Small-Diameter Wood: An Underused Building Material

Many of those in need of housing have access to small-diameter trees in nearby forests. These trees can be used to produce materials that are ideal for building affordable homes. If used in conjunction with energy-efficient straw bale construction and other natural materials, small-diameter wood can be used to create a better home than most building systems, at lower cost.

US forests have been poorly managed and are now choked with small-diameter trees. Thinning these trees to reduce the risk of forest fires, which is currently at a record high, is a Forest Service priority. With an inexpensive firewood permit, anyone can obtain small-diameter wood for building a home. (Even though this wood could be used for firewood, it is more valuable as a building material.)

There are several advantages to using small-diameter wood for building:
– Small-diameter wood can provide all of the lumber for a house including studs, joists, plates, trusses, window and door frames, trim, and other components. Wood frame construction is the preferred building system in the US because of its speed and ease of construction, but unfortunately most dimensional lumber is not sustainably harvested. Using small-diameter wood encompasses the advantages of wood frame construction but uses wood that improves the health of the forest and reduces forest fires.
– The use of locally available wood reduces construction costs and avoids supporting environmentally irresponsible lumber companies.
– Wood in the round is much stronger than standard dimension lumber and requires less processing. Thus small diameter logs can be used, with fewer parts. For example only one-half as many trusses may be required, because pole trusses can be set every 48 inches (122 centimeters) instead of every 24 inches (61 centimeters).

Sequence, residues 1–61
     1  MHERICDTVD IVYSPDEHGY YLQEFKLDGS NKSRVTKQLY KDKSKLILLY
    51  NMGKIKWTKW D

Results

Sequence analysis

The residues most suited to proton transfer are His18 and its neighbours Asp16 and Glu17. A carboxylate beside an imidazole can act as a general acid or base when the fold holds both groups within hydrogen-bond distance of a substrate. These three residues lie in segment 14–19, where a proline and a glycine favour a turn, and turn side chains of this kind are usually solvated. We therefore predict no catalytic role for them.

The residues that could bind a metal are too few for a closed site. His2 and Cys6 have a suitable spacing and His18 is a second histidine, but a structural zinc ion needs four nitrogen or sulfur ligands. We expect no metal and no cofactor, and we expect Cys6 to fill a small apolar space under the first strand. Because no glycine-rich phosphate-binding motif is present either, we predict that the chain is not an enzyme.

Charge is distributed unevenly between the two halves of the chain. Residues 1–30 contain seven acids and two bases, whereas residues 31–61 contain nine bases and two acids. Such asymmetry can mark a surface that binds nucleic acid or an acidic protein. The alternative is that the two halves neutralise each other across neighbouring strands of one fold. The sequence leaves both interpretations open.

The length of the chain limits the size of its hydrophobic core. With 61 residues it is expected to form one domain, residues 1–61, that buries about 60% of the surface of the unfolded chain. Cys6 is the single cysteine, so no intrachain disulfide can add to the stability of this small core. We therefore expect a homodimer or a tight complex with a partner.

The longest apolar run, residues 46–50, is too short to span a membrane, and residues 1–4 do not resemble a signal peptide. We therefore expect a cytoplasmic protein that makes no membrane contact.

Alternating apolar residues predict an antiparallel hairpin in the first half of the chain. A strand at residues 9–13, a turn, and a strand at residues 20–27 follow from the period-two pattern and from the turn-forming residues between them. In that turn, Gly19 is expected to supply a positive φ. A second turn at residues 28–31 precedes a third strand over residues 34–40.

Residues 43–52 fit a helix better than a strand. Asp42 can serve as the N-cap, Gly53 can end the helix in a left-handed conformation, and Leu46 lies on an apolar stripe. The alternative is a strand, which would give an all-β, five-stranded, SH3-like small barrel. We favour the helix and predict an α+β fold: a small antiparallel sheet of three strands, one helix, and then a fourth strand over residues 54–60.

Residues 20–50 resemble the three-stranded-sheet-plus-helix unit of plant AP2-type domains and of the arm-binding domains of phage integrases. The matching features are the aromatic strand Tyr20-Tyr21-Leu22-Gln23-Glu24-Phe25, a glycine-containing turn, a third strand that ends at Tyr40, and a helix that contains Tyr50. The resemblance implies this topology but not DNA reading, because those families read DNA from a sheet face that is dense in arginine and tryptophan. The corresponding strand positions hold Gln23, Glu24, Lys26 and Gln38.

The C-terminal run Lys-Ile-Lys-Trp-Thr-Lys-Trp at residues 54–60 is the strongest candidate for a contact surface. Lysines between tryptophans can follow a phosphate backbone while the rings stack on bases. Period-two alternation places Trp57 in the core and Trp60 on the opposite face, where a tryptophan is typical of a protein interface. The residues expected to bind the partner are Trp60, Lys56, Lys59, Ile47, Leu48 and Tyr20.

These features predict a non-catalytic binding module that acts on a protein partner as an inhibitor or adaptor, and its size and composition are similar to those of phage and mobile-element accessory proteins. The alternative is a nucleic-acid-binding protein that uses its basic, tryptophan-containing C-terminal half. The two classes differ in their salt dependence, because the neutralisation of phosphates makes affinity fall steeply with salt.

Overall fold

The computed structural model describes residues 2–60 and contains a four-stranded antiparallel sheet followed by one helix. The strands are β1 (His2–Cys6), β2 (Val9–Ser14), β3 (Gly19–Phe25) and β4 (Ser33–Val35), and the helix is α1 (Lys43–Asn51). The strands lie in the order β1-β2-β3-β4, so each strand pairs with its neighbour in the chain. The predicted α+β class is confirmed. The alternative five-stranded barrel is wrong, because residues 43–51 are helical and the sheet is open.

– A US$40 chainsaw guide can be used to mill purlins, joists, studs, plates, and other components. (The Beam Machine is one example of a low-cost chainsaw attachment that can mill straight edges on poles.)
– The fire resistance of poles is much higher than stick-framed trusses or engineered trusses (TJIs). Wood poles have a two-hour commercial fire rating, in contrast to the other two options, which have a one-hour fire rating. And in the event of a fire, there is no toxic off-gassing – the leading killer in home fires.
– Timber frame/pole construction is more esthetically pleasing than wood frame construction covered with plasterboard. The beauty of the wood is left exposed, honoring the tree from which it came.
– Very few tools are required to build simple pole trusses. If they are built in uniform sizes, workers can be trained to build them quickly.

The use of small-diameter wood creates local jobs and places less reliance on highly processed materials that must be shipped long distances. Jobs are created in four categories:
1. Logging: Workers are needed to cut, mill and deliver poles.
2. Truss manufacturing: Workers are needed to build roof trusses. This could be a cooperative effort or an entrepreneurial cottage industry. Either way the quality will be higher and more consistent if specially trained workers build the trusses.
3. Milling: Workers are needed to mill logs into purlins, studs, plates, or joists. The simplest method uses a chainsaw and a guide. Mass production methods with commercial-sized equipment are even faster and more efficient.
4. Construction: Workers are needed to erect trusses, build walls, etc.

With all the advantages of small-diameter wood, we should take a closer look at how to use this resource that is so often near at hand.

Excerpt by Owen Geiger from Building Without Borders: Sustainable Construction for the Global Village, Joseph F. Kennedy (editor)

7 thoughts on “Small-Diameter Wood: An Underused Building Material”

  1. Cutting the small round trees to clear an area. I plan to cut the longs ones for building a structure. What is the best & easiest way to tie them together? Only thing I can think of is tying them together works. Ideas?

  2. I’m in the process of constructing a balsam and spruce pole shelter to stay in year round. Are there any guides or manuals on all the tools and steps to building one?

  3. A major problem at least in California is that wood used for any structural purpose must be graded. I suspect that will be the case in many other states also. We have access to plenty of wood, I will check around to see if there are any graders in the area. Great idea though, even if the wood is only used for finishing as in siding or interior wall finishes.

    • Paying a certified grader to grade the wood will wipe out any savings. Choose methods that will work in your area or move to areas with fewer codes.


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